The latest Scottish Health Survey contains little that is new and much that is worrying.
It is a depressingly familiar snapshot of a nation that eats and drinks too much; one that chooses to ignore the warnings and, no matter the risks, resolutely refuses to change. The data, from a survey commissioned by the Scottish Government, speaks for itself.
One in four men and almost a fifth of women drank “hazardous” amounts of alcohol last year. Two in three Scots were categorised as overweight or obese. Only one in ten children and a fifth of adults consumed the recommended five portions of fruit and vegetables a day.
One in three adults and three out of ten children still don’t get enough exercise. One in four adults smokes and one in five children lives in a household where someone smokes.
In an interesting footnote to all of the above, it turns out that 31,000 Scots have a gambling problem. Given the fatalistic attitude we have to our health, this last statistic should come as no surprise. It’s a wonder the figure isn’t higher.
But betting aside, it is almost as if we revel in our reputation as the “sick man of Europe”. We seem to hover around the self-destruct button and show little sign of edging away. The 2012 figures I have listed are almost identical to those published in 2011, and, as adults, we must shoulder the blame. We know what to eat and how much. We know how many pints of beer or glasses of wine are too many. We know smoking is bad, that exercise is good. But we cannot go on being wilfully blind about the state of children’s health in Scotland. The poor eating habits, the lack of exercise and exposure to smoking that this survey highlights are unacceptable.
Clearly, something needs to change. Parents are struggling to set a good example, public health campaigns are having a limited impact and year after year the message isn’t getting across. If we are serious about altering habits, tackling childhood obesity and improving the health of young people, a different, more direct approach, is needed. One of the best ways to do this would be to follow the lead of the UK government and give every five, six and seven-year-old a free school meal. Unions, churches and children’s organisations have written to Scottish ministers urging them to match the commitment for England announced by Nick Clegg at the Liberal Democrat conference last week. They say it’s a no-brainer; an “I agree with Nick” moment.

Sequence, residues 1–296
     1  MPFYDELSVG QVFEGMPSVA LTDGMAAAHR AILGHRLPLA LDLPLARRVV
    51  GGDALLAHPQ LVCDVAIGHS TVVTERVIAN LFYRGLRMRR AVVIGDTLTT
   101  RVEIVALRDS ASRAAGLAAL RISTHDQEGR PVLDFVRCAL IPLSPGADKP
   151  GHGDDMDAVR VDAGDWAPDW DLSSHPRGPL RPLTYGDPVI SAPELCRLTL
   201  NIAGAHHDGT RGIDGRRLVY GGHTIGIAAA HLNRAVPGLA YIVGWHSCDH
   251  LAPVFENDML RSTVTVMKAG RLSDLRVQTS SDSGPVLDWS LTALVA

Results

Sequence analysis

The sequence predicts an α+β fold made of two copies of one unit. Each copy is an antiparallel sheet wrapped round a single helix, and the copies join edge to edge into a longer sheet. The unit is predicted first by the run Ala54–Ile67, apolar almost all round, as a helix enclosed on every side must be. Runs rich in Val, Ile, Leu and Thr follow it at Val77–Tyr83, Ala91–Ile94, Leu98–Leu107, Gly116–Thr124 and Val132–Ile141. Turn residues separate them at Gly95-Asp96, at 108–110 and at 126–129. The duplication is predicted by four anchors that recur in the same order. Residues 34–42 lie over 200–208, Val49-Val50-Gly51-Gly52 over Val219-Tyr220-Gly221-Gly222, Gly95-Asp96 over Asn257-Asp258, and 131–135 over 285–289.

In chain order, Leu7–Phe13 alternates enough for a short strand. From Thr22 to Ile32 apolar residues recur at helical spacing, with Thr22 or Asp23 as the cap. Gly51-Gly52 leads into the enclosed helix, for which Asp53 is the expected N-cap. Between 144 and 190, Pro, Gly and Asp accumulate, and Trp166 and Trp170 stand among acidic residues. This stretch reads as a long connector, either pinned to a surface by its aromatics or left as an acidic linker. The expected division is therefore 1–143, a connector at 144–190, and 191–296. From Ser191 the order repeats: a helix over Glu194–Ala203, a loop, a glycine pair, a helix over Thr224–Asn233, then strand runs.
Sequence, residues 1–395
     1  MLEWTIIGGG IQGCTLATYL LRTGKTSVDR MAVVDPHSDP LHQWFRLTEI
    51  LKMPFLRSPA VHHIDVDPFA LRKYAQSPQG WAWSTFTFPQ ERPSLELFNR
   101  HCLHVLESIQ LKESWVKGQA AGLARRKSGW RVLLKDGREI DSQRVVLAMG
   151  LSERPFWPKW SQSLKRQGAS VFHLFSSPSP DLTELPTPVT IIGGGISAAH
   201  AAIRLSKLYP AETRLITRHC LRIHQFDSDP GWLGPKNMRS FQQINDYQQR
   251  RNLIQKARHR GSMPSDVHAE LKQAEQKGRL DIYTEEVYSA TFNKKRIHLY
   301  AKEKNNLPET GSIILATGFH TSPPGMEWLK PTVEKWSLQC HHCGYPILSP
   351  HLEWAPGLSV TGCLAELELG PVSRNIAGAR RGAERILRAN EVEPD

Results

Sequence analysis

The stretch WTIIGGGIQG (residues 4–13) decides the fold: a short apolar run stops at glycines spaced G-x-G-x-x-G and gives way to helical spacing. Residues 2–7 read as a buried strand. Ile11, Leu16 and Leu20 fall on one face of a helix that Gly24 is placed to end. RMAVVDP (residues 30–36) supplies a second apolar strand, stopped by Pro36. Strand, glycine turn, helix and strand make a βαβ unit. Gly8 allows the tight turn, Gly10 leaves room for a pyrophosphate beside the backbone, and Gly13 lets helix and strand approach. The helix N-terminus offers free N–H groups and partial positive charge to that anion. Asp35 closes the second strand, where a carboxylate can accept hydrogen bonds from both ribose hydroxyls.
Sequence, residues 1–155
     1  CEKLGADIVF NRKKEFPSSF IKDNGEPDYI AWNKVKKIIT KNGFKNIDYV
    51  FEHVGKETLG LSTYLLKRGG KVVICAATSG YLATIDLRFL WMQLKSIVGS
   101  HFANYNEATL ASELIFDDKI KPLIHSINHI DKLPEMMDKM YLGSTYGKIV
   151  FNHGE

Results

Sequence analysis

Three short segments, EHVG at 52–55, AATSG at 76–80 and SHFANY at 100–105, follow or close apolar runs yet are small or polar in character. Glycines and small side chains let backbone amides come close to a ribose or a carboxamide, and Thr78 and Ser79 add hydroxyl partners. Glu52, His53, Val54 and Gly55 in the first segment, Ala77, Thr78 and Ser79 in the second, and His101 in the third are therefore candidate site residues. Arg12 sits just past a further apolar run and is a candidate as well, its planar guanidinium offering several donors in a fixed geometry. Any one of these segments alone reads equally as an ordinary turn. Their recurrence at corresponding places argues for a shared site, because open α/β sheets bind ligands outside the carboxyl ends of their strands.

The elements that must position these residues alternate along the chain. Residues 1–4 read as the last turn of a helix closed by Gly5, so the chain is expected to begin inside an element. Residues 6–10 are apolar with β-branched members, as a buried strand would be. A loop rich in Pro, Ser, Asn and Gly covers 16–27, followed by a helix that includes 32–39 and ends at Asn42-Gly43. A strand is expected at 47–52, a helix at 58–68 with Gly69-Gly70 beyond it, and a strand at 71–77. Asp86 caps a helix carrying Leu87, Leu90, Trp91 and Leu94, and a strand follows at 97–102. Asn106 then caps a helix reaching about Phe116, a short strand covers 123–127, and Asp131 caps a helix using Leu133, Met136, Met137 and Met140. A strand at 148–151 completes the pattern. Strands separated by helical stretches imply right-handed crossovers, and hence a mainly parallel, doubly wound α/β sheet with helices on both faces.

The policy will cost £600 million a year, meaning the Scottish Government should receive an extra £60m to spend how it chooses. This is money that could easily be spent on other things, some may argue more important things, but it would make a great deal of sense to invest it in the children this survey describes.
Studies show that a healthy, nutritious school meal can increase energy levels, improve concentration and behaviour. At the moment, too many children skip lunch, eat packed lunches stuffed with crisps and biscuits, or just buy the wrong things.
If the norm is chips and pizza, a healthy school lunch that everyone eats can change that. Making it a universal benefit also means there is no stigma. Some schools have introduced various kinds of pay-by-card schemes, but children are acutely aware of difference and many don’t take up the offer. A commitment to extend provision could wipe all that away.
Of course, more, much more, needs to be done to tackle Scotland’s love affair with fried food, booze and cigarettes. As adults, we have the power to change what we consume, however hard it may be. But children have far fewer choices.
They must eat what their family can afford, or simply chooses to buy. Eating one healthy meal is no guarantee that bad habits won’t still develop, but it does send out a powerful message; that we want to give all children the best possible start in life.
A free school meal would be an enormous boost for children and families across Scotland.
To those who say there is no such thing as a free lunch, try it and see.
It could make all the difference to the next set of statistics. Surely that’s a bet worth taking?